in buildings should be reinforced for this purpose. reasonable to limit fc to 0.5fc′. Compression struts also form

The shear resistance of the wall provided by Segment in segment C. Assuming an axial stress in these struts of

B will be limited by the compressive strength of its struts. 0.5fc′, the diagonal compression strength of the wall can be

Consider again the free-body diagram of Segment B estimated as

presented in Fig. 7. Assuming the force in the horizontal

reinforcement on the two inclined boundaries of a strut are not Vn = fcsinθcosθtwlw (22)

significantly different, the compressive force at the bottom of a

strut, Fc, can be estimated by summing horizontal forces along For a strut angle of 40 degrees with respect to the hori-

the horizontal projection of Segment B. That is zontal, Eq. (22) corresponds to a horizontal shearing stress

of 0.25fc′, which in turn maps to 15.8√fc′ for concrete with

vx = Fccosθ (16) a uniaxial compressive strength of 4000 psi (27.59 MPa).

Given that the maximum average shear stress at peak

If fc is the compressive stress in a strut, Fc can be expressed as strength for SW8 and SW9 ranged between 10√fc′ and 11√fc′

(refer to Table 1), it is reasonable to increase the ACI 318-14

Fc = fc(xsinθ)tw (17) limit on nominal shear stress to 10√fc′.

The nominal shear strength of a rectangular, low aspect

Considering all the struts in Segment B of the wall, the ratio RC wall without boundary elements can be estimated as

lateral force in Segment B, Vnb, can be expressed in terms

of fc as hw

Vn = 0.6 (ρl Acv f y + plw ) + 0.5 pc + ...

lw

h

Vnb = f c sin θ cos θtw lw − w − c (18) h c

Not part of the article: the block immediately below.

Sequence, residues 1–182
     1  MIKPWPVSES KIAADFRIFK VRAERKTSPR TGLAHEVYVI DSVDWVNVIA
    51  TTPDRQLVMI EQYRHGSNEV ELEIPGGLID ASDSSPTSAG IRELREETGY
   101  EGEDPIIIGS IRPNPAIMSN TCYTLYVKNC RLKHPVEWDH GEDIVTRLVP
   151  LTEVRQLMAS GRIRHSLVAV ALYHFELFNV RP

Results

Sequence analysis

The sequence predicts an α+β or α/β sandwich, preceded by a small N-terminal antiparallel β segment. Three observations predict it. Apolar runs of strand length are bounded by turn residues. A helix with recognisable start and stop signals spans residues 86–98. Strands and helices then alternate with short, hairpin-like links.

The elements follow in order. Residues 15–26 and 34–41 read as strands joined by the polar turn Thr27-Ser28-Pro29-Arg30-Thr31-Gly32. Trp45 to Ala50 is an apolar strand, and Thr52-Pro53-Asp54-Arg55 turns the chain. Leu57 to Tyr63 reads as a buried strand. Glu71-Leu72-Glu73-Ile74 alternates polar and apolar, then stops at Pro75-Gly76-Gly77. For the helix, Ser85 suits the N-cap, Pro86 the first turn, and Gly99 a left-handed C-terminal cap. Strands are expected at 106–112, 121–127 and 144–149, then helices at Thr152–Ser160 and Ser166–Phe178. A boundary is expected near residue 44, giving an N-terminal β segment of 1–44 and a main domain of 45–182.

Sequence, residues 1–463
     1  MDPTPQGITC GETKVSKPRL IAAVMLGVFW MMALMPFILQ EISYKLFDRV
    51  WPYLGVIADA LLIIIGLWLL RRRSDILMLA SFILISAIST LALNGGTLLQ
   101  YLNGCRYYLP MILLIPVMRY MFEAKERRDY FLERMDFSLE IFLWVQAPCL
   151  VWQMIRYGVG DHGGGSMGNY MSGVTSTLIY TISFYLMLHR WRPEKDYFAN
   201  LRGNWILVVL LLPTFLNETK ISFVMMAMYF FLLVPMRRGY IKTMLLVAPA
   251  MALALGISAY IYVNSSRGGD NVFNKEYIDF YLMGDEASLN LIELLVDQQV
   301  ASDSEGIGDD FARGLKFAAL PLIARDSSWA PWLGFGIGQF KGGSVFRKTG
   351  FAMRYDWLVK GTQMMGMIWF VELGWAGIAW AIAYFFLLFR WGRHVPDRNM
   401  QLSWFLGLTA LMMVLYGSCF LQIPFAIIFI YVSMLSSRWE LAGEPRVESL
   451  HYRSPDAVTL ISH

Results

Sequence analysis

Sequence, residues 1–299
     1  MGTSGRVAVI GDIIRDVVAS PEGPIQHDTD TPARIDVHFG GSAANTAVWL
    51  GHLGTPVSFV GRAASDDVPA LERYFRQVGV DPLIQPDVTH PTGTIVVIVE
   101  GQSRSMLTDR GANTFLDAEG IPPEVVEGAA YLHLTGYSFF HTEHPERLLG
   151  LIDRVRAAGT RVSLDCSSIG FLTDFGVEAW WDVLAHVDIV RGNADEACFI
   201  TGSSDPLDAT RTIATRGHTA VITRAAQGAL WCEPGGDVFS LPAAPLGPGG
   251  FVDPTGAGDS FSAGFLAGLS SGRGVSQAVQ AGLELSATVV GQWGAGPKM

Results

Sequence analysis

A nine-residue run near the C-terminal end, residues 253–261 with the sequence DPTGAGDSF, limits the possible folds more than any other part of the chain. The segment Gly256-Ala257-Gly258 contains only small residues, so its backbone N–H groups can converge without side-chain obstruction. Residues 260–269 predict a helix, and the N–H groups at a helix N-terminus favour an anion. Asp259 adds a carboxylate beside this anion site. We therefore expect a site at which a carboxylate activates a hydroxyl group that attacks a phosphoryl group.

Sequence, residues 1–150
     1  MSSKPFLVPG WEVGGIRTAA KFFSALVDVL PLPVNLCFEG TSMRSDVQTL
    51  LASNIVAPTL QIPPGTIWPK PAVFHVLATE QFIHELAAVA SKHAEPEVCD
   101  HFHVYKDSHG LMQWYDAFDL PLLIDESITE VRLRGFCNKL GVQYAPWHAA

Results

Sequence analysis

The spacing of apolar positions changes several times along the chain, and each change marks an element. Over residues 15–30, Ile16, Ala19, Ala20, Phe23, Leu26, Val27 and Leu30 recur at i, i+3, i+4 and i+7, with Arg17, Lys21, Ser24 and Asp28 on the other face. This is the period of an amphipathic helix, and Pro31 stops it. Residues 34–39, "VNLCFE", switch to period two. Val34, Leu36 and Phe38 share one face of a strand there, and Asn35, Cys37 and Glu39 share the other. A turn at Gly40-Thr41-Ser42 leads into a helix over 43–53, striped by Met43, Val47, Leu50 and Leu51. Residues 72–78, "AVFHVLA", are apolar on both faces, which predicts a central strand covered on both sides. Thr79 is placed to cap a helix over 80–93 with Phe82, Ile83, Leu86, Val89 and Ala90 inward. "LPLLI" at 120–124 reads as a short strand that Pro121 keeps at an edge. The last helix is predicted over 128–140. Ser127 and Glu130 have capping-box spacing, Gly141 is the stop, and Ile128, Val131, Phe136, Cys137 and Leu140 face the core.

tan θ ...1.2(ρl Acv f y + plw ) 1 − 1.2 w − + ... (23)

lw lw

Using Eq. (6) and (18), an approximate value of the hw

...0.25ρt Acv f y ≤ 10 f c′Acv

compressive stress of the struts in Segment B, fc, can be lw

calculated as

or

h

f c sin θ cos θtw lw − w − c h c

tan θ Vn = 1.2(ρl Acv f y + plw ) 1 − 0.7 w −

(19) lw lw

h 1 (24)

= (ρl tw f y + p ) lw − w − c h

tan θ tan θ + 0.25ρt w Acv f y + 0.5 pc ≤ 10 f c′Acv

lw

Using a value of 40 degrees for θ and simplifying,

Eq. (19) becomes where all terms have been defined previously—θ = 40

degrees and μ = 0.5. In Eq. (24), f y is set equal to 1.25fy,

p which requires that the vertical reinforcing bars be devel-

f c = 2.4 ρl f y + (20) oped for this stress or greater (perhaps 1.5fy based on the test

tw

data) at the upper ends of the compression struts.

For Walls SW2 through SW10, Eq. (20) can be written as

Walls with boundary elements

Walls SW11 and SW12 included boundary elements

f c = 2.4ρl f y (21)

contained within the web. The reinforcement in the

boundary elements changed the orientation of the diagonal

Values of fc for Walls SW2 through SW10 per Eq. (21)

cracks to horizontal at the web-boundary element junctions.